AI analysis reveals the pivotal role of publicly funded basic science in biomedical research


  • AI analysis shows NIH-funded research accounts for 30% of significant biomedical contributions.
  • Citations represent knowledge transfer among scientists, but not all are equally important.
  • Early-cited references prove more critical in research, as per machine learning insights.
  • Federal funding, especially for basic research, significantly influences clinical breakthroughs.

Main AI News:

Biomedical research, a cornerstone of human health advancement, is intrinsically linked to publicly funded basic science, as unveiled by a recent artificial intelligence-empowered analysis. This in-depth exploration has shed light on the indispensable role that federal funding plays in the realm of scientific innovation.

Professor B. Ian Hutchins from the University of Wisconsin–Madison’s Information School, a pivotal institution within the School of Computer, Data & Information Sciences, shares, “What we found is that even though research funded by the National Institutes of Health makes up only 10% of published scientific literature, these papers contribute to approximately 30% of substantive research—the bedrock supporting countless new scientific discoveries—referenced in subsequent clinical research within the same domain. It’s a rather significant overrepresentation.

In a collaborative effort, Hutchins, along with Travis Hoppe, who now serves as a data scientist at the Centers for Disease Control and Prevention, and Salsabil Arabi, a graduate student at UW–Madison, recently unveiled their findings in the esteemed Proceedings of the National Academy of Sciences.

The typical research publication is replete with extensive citations, meticulously acknowledging the earlier work that bolsters or informs the study in question. For instance, the paper you are currently perusing, titled “Predicting substantive biomedical citations without full text,” authored by Hutchins and Hoppe, references no fewer than 64 other studies and sources in its “References” section.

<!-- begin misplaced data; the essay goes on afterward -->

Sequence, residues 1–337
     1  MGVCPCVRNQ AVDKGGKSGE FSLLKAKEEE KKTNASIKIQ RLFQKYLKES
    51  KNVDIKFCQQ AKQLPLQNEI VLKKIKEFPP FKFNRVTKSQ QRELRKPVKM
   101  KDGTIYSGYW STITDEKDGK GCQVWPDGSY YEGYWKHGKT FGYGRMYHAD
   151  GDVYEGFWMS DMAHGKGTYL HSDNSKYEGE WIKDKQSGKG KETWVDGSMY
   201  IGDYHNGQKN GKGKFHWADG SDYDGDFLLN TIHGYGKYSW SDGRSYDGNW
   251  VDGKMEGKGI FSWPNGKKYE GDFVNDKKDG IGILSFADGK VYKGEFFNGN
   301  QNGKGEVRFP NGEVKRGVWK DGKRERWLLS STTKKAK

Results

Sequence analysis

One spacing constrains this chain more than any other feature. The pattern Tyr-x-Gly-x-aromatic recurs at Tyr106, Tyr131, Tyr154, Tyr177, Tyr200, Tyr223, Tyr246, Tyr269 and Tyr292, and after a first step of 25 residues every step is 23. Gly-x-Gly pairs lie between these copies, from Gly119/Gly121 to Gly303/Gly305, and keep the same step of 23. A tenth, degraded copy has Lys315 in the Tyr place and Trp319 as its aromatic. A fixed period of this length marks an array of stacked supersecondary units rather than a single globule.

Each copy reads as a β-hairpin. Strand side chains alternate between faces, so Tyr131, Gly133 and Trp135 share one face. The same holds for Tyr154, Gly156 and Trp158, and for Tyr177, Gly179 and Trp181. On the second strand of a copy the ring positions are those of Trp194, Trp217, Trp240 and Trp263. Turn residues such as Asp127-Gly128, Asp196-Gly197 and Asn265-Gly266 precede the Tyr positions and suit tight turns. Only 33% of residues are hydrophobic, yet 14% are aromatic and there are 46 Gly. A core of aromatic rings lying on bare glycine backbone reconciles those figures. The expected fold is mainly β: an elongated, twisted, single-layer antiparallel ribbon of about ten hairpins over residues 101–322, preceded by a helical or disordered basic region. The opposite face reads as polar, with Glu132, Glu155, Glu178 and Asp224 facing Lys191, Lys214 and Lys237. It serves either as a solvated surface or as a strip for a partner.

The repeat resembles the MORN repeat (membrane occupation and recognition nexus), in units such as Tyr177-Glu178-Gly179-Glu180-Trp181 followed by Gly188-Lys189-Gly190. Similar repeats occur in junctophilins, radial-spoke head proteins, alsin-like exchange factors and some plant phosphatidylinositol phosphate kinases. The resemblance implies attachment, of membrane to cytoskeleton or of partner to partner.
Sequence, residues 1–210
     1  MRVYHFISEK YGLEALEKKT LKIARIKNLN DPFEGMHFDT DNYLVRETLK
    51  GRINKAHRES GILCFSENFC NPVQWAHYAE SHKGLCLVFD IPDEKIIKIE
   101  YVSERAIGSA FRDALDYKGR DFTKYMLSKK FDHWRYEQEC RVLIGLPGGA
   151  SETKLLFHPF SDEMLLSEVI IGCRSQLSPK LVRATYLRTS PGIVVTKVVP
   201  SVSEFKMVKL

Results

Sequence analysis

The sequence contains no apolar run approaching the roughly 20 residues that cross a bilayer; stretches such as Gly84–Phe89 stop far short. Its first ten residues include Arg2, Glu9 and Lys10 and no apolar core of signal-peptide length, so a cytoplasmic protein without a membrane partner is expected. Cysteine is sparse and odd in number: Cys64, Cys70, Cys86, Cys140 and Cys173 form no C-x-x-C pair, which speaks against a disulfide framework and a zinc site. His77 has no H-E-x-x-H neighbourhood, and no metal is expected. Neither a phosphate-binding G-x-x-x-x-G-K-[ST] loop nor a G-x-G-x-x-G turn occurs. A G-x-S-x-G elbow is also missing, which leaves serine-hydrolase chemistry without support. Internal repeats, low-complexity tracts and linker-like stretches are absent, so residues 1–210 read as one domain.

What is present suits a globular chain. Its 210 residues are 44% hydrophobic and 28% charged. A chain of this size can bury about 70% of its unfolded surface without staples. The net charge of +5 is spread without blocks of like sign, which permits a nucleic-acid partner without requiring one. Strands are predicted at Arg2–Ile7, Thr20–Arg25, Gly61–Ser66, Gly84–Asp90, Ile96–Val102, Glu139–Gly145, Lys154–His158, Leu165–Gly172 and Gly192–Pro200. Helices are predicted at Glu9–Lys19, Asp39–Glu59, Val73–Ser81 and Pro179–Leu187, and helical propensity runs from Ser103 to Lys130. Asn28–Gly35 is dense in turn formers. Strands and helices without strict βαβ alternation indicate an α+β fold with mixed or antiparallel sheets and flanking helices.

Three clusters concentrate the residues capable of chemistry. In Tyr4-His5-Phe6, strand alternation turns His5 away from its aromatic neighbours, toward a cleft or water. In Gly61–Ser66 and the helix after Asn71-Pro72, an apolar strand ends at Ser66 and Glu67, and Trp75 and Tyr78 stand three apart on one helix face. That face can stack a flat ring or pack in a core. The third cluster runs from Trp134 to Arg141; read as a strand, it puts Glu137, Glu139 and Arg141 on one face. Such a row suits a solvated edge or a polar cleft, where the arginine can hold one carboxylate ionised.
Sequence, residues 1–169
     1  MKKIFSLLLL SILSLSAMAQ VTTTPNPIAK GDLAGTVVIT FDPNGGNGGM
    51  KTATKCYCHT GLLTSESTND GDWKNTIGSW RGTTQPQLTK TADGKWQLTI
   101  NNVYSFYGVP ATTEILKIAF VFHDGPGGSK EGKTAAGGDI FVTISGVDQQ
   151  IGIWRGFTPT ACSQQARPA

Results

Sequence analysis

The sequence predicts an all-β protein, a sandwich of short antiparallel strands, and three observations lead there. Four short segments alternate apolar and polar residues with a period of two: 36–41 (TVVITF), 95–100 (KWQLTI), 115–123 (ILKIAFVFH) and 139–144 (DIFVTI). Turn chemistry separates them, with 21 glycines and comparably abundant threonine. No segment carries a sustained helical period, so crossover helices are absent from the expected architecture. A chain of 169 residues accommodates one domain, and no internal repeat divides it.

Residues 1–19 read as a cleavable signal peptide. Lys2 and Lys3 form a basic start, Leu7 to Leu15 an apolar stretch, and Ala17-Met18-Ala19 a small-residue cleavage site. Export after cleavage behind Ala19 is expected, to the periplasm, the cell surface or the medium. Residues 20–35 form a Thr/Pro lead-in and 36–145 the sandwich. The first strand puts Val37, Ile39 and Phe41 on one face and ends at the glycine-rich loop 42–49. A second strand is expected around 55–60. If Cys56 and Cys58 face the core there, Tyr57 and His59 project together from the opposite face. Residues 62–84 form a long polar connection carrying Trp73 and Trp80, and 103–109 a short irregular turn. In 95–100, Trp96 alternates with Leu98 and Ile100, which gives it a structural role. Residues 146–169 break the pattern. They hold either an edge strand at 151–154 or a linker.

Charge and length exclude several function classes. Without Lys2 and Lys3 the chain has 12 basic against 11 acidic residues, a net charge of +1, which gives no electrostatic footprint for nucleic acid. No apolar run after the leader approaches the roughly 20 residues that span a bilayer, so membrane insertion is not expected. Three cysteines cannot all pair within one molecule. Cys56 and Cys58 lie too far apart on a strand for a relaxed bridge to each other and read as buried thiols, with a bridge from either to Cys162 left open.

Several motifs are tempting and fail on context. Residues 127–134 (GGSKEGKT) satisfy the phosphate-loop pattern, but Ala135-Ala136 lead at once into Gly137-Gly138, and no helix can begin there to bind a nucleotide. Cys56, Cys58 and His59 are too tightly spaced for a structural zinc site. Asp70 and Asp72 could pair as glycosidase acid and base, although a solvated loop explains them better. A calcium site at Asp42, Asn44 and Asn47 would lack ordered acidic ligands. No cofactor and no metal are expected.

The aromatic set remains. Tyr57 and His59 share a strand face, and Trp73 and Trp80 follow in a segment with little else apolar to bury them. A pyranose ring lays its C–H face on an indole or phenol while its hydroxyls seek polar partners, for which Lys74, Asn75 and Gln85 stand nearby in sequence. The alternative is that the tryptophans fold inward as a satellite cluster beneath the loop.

Citations constitute the transmission of knowledge from one scientist or group of scientists to another. They are meticulously documented and tracked to gauge the impact of individual studies and the researchers behind them. However, not all citations included in a given paper contribute equally to the research they annotate.

Hutchins elaborates, “As scientists, we are instilled with the practice of substantiating factual claims with empirical evidence. Similar to Wikipedia entries, we cannot have the ‘citation needed here’ tag. We must furnish the necessary citation. Yet, if the cited information fails to elucidate pivotal prior work upon which we have built our research, it fails to truly support the assertion that the citation denotes an indispensable precedent for our findings.”

The researchers hypothesized that citations incorporated later in the publication process, particularly those added at the behest of peer reviewers—esteemed subject-matter experts tasked with evaluating scientific manuscripts submitted to journals—were less likely to be genuinely pivotal to the authors’ research endeavors.

Hutchins underscores, “When we build upon the work of others, we tend to identify and cite that work earlier in our research journey. This does not imply that all references within an early manuscript version are critical, but it suggests that the crucial ones are more likely concentrated in the initial stages.”

To delineate this early-late demarcation, the team employed a machine learning algorithm, trained to assess citations’ significance by analyzing citation data from over 38,000 scholarly papers. Each paper’s citation data encompassed two iterations: a preprint version disseminated publicly before peer review and the final published version following rigorous peer review.

The algorithm discerned discernable patterns that facilitated the identification of citations more likely to be integral to the fabric of each scientific work. The outcomes unveiled that basic biological science research, backed by NIH funding, featured prominently in the weightier citations, surpassing its proportional representation in all published research by threefold.

Hutchins emphasizes, “Federal funding for basic research perennially faces scrutiny from the public and congressional leadership. Our findings furnish substantive evidence, dispelling mere anecdotes, that this form of basic research funding plays an instrumental role in fostering the type of clinical research—encompassing treatments and cures—that garners more favorable reception from Congress.”


The analysis highlights the essential connection between federal funding for basic science and the advancement of biomedical research. This revelation not only underscores the significance of continued investment in basic research but also signals to the market that such funding is instrumental in driving innovation and fostering clinical breakthroughs, making it a critical area for stakeholders to monitor and support.